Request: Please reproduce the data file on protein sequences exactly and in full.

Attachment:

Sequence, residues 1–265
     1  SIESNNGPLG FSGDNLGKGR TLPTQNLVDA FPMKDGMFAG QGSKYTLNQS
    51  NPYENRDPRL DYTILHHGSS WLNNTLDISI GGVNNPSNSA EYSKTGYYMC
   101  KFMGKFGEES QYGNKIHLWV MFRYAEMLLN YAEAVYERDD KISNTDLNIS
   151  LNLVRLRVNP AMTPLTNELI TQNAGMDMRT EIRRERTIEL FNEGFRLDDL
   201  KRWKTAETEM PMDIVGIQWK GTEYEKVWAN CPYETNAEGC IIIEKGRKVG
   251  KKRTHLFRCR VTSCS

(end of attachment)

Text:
Sequence, residues 1–265
     1  SIESNNGPLG FSGDNLGKGR TLPTQNLVDA FPMKDGMFAG QGSKYTLNQS
    51  NPYENRDPRL DYTILHHGSS WLNNTLDISI GGVNNPSNSA EYSKTGYYMC
   101  KFMGKFGEES QYGNKIHLWV MFRYAEMLLN YAEAVYERDD KISNTDLNIS
   151  LNLVRLRVNP AMTPLTNELI TQNAGMDMRT EIRRERTIEL FNEGFRLDDL
   201  KRWKTAETEM PMDIVGIQWK GTEYEKVWAN CPYETNAEGC IIIEKGRKVG
   251  KKRTHLFRCR VTSCS